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J Nutr. 2015 Apr;145(4):742-8. doi: 10.3945/jn.114.205674. Epub 2015 Feb 4.

Purified anthocyanin supplementation reduces dyslipidemia, enhances antioxidant capacity, and prevents insulin resistance in diabetic patients.

Author information

1
Guangdong Provincial Key Laboratory of Food, Nutrition, and Health, Guangzhou, China; and Department of Nutrition, School of Public Health, Sun Yat-sen University, Guangzhou, China.
2
Department of Nutrition, School of Public Health, Sun Yat-sen University, Guangzhou, China.
3
Guangdong Provincial Key Laboratory of Food, Nutrition, and Health, Guangzhou, China; and Department of Nutrition, School of Public Health, Sun Yat-sen University, Guangzhou, China xiamin@mail.sysu.edu.cn.

Abstract

BACKGROUND:

Oxidative stress plays an essential role in the pathogenesis of type 2 diabetes. Anthocyanin, a natural antioxidant, has been reported to reduce oxidative stress and to attenuate insulin resistance and diabetes in animal models; however, the translation of these observations to humans has not been fully tested.

OBJECTIVE:

This study was designed to investigate the effects of purified anthocyanins on dyslipidemia, oxidative status, and insulin sensitivity in patients with type 2 diabetes.

METHODS:

A total of 58 diabetic patients were given 160 mg of anthocyanins twice daily or placebo (n = 29/group) for 24 wk in a randomized, placebo-controlled, double-blind trial. Participants and investigators were masked to treatment allocation.

RESULTS:

Anthocyanin supplementation significantly decreased serum LDL cholesterol (by 7.9%; P < 0.05), triglycerides (by 23.0%; P < 0.01), apolipoprotein (apo) B-48 (by 16.5%; P < 0.05), and apo C-III (by 11.0%; P < 0.01) and increased HDL cholesterol (by 19.4%; P < 0.05) compared with placebo after the 24-wk intervention. In addition, patients in the anthocyanin group showed higher total radical-trapping antioxidant parameter and ferric ion reducing antioxidant power values than did patients in the placebo group (both P < 0.05). Serum concentrations of 8-iso-prostaglandin F2α, 13-hydroxyoctadecadienoic acid, and carbonylated proteins in patients in the anthocyanin group were significantly less than in patients in the placebo group (23.4%, 25.8%; P < 0.01 and 20%; P = 0.022, respectively). Furthermore, supplementation with anthocyanin lowered fasting plasma glucose (by 8.5%; P < 0.05) and homeostasis model assessment for insulin resistance index (by 13%; P < 0.05), and elevated serum adiponectin (by 23.4%; P < 0.01) and β-hydroxybutyrate (by 42.4%; P = 0.01) concentrations compared with placebo supplementation.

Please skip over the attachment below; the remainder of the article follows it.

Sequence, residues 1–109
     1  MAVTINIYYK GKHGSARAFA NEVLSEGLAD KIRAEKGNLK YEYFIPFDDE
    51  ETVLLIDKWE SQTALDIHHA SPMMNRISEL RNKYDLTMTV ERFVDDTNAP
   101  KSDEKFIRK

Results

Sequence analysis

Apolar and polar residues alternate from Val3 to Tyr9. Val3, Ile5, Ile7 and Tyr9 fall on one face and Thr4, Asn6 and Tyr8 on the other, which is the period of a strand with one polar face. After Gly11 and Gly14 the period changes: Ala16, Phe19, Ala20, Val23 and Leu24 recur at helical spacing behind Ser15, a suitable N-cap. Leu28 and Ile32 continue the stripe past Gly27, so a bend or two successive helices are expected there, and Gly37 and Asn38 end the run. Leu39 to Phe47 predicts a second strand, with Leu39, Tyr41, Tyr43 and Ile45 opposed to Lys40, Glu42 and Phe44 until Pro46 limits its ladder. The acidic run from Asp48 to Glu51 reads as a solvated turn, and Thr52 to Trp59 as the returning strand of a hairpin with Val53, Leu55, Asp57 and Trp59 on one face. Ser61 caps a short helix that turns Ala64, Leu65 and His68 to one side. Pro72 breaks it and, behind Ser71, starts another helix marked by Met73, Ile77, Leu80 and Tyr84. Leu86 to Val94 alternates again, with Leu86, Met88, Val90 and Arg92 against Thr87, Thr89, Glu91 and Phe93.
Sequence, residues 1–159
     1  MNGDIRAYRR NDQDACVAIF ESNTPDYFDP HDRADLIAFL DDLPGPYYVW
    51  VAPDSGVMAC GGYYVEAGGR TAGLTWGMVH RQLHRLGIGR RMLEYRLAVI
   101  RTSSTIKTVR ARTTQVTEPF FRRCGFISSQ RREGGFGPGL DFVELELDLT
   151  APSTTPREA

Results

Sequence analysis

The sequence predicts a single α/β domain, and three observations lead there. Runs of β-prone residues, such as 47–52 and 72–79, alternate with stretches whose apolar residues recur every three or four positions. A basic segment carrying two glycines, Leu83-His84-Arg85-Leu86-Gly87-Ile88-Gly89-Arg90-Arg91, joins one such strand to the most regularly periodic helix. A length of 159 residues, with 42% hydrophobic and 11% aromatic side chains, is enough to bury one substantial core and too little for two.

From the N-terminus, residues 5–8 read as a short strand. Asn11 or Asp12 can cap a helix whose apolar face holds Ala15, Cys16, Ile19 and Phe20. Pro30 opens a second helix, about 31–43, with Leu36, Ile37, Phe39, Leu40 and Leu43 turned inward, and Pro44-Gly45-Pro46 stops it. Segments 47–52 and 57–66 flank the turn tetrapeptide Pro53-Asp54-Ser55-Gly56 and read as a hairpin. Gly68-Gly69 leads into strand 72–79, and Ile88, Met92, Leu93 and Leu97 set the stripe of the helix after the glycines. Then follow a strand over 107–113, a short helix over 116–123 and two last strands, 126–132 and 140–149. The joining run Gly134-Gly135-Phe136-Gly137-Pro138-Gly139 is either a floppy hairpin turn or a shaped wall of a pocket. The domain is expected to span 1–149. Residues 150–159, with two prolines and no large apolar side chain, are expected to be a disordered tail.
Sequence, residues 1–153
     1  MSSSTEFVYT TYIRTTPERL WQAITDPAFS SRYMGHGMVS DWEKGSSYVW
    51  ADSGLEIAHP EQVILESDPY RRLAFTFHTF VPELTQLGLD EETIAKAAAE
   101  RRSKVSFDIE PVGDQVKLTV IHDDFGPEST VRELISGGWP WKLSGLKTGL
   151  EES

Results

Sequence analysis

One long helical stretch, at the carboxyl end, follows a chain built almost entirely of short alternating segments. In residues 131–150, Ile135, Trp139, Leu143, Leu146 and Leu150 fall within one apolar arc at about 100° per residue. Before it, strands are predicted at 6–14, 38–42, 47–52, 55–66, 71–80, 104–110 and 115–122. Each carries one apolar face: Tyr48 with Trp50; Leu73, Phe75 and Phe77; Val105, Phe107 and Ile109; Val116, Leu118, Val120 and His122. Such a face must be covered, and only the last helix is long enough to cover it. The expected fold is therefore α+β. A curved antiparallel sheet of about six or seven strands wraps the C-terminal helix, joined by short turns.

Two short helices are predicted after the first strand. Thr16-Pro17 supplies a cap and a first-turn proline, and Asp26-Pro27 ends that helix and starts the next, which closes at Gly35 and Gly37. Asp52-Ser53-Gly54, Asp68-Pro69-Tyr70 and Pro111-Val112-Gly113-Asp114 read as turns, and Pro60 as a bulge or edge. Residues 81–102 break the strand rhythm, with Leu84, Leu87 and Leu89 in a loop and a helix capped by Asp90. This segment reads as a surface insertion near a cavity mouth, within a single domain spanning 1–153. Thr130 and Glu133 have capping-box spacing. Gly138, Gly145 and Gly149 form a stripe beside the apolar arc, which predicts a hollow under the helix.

CONCLUSION:

These findings demonstrate that anthocyanin supplementation exerts beneficial metabolic effects in subjects with type 2 diabetes by improving dyslipidemia, enhancing antioxidant capacity, and preventing insulin resistance. This trial was registered at www.clinicaltrials.gov as NCT02317211.

KEYWORDS:

anthocyanin; antioxidant capacity; dyslipidemia; insulin resistance; type 2 diabetes

PMID:
25833778
DOI:
10.3945/jn.114.205674
[Indexed for MEDLINE]

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